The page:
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Stuart Brereton

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Everything posted by Stuart Brereton

  1. Or maybe the filmmakers were just trying so hard to be clever that they forgot to be comprehensible. If you don't intend for your audience to understand the dialogue, why write it in the first place? Opinions will obviously vary, but personally, I don't want to have to watch a film seven times before I understand it.
  2. Gordon Willis was an extraordinarily precise DP who used under exposure as a tool, not as a crutch. Worlds apart from the kind of work we’re discussing.
  3. If I wanted to be uncharitable, I'd say it's because they don't know how to light, so they use underexposure as a crutch. If enough people do it, it becomes a look in its own right, and its origins as a failure of technique get forgotten.
  4. Hasselblads are not cheap. A 500c with a film back and an 80mm lens can easily cost well over $1000
  5. I agree. As cameras have become more and more sensitive, there has been an increasing tendency to not light, and to let practical lamps do the majority of the work. This can sometimes make things look flat because practicals are not as controllable, and so a lot of DPs resort to underexposure as a way of creating mood where there is little contrast.
  6. I doubt that Joe Dunton would rehouse lenses. He was semi retired last time I saw him, and that was several years ago. As Dom says, the expense involved in prototyping and building a one off lens package would likely be more than just going out and buying a set of Atlas Orions or similar.
  7. Print stock has a dynamic range of about 7-8 stops, I believe, although my info might be a little out of date.
  8. As far as I remember, the PD150 was interlaced only. XL1, of course, was progressive. Back in the days when I used to shoot low budget music videos in the UK, we occasionally used both cameras , and any standards conversion to NTSC was done by simply dropping the clip onto a 23.98 timeline in FCP7 and letting the software figure it out.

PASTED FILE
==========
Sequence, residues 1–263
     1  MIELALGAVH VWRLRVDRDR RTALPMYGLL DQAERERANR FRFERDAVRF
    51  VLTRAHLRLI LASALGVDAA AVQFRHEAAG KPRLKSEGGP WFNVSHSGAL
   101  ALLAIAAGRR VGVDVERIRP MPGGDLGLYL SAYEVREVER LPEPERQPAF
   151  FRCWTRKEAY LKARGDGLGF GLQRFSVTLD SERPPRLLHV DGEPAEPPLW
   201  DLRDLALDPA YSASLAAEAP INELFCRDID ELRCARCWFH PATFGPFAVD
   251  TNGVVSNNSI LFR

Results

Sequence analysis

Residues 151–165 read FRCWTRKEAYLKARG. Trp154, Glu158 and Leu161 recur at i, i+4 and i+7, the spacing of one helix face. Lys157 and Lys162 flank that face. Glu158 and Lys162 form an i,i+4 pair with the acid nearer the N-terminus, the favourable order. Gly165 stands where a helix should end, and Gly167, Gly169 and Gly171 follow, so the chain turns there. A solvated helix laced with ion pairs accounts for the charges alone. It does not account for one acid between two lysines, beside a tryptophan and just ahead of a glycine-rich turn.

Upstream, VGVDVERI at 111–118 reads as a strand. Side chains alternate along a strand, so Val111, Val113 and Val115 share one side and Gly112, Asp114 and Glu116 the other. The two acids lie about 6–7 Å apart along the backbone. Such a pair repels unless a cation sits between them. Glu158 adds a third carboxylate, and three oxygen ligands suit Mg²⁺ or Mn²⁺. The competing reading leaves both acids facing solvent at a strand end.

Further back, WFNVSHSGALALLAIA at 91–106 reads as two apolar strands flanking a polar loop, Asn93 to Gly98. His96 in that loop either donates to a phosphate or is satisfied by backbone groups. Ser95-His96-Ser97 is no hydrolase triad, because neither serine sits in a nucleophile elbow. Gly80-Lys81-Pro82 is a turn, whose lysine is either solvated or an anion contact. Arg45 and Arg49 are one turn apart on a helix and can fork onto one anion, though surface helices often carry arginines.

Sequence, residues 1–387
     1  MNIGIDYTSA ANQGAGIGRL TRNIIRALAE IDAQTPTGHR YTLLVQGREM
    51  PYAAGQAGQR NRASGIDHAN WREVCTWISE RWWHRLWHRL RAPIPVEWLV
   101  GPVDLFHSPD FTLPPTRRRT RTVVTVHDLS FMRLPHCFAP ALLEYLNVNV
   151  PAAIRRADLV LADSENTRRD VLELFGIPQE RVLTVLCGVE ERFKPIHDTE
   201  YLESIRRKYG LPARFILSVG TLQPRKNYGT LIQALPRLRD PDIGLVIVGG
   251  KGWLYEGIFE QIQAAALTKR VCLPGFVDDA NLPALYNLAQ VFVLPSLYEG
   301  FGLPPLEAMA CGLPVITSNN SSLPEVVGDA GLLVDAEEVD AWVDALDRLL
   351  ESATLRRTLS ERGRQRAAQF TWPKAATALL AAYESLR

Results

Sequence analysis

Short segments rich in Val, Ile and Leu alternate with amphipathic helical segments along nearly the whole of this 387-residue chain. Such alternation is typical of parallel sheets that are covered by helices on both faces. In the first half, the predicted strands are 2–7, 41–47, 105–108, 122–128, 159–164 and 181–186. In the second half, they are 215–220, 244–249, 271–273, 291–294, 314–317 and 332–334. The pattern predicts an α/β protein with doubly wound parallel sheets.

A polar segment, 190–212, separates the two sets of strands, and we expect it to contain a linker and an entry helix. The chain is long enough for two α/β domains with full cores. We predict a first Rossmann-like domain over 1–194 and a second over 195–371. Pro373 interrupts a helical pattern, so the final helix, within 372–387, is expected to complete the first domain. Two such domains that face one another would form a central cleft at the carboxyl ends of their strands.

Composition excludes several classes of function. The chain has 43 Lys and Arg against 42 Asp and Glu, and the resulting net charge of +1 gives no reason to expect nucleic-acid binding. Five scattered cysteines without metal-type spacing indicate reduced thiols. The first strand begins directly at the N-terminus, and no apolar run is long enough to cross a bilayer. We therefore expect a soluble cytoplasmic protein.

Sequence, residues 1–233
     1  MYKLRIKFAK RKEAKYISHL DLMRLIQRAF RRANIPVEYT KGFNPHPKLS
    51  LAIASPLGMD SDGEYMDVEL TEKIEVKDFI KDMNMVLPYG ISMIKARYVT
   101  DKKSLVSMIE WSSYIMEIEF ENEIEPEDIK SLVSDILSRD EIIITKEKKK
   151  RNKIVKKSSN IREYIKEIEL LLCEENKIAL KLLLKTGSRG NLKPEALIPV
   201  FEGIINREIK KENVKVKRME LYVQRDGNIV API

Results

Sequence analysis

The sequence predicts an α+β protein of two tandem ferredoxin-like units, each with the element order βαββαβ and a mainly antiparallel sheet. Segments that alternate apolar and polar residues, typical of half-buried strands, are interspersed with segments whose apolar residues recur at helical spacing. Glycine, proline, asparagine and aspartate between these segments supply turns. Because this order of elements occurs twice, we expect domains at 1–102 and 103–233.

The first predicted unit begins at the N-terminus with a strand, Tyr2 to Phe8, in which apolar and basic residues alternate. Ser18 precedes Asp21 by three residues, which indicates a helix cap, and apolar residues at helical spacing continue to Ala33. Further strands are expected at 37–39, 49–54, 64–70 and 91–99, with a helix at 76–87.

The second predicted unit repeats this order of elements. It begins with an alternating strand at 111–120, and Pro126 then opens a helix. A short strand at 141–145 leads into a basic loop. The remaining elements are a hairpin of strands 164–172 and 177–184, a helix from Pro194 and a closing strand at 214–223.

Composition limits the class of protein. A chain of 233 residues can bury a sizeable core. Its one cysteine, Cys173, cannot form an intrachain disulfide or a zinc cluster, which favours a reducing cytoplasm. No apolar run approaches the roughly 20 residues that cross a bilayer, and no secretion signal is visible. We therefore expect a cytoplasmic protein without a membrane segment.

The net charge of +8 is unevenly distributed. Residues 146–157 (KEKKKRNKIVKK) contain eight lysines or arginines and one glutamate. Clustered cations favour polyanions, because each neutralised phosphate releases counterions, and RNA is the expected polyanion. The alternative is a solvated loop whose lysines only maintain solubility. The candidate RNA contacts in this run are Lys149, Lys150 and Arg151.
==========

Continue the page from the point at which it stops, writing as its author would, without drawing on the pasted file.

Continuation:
9. With a bit of practice, this is probably the only practical way of doing a whip pan on a geared head, but I wouldn't want to have to do it repeatedly throughout a scene.
  10. Kodak Double X B&W stock, which is probably the most widely available B&W stock, is an old stock. It has been in existence for many years, and has not been updated with the same frequency that the color stocks have. Consequently, it's not going to have the same fine grain and wide latitude as Vision 3 film, so there will be noticeable differences between Double X and desaturated Vision 3. That said, shooting with color, and then desaturating does give you flexibility in being able to channel mix the RGB to fine tune the exact B&W look you want, as well as being able to change your mind later.
  11. You might say that sunstars and internal reflections are more desirable, and veiling flare is less desirable, but I can think of reasons why both might be useful. Many DPs (Roger Deakins, for instance) hate lens flares of any type, whereas other people actively seek them out (anamorphic streaks, for instance). Ultimately, it's down to personal taste, and the needs of whatever effects you are trying to achieve.
  12. That's a tungsten fresnel of the type you usually find in theaters. Probably a Rank Strand of some sort. I think Minims were 300w, but I haven't done any theater lighting since school, so I could be wrong. Edit: It looks like a Rank Strand model 803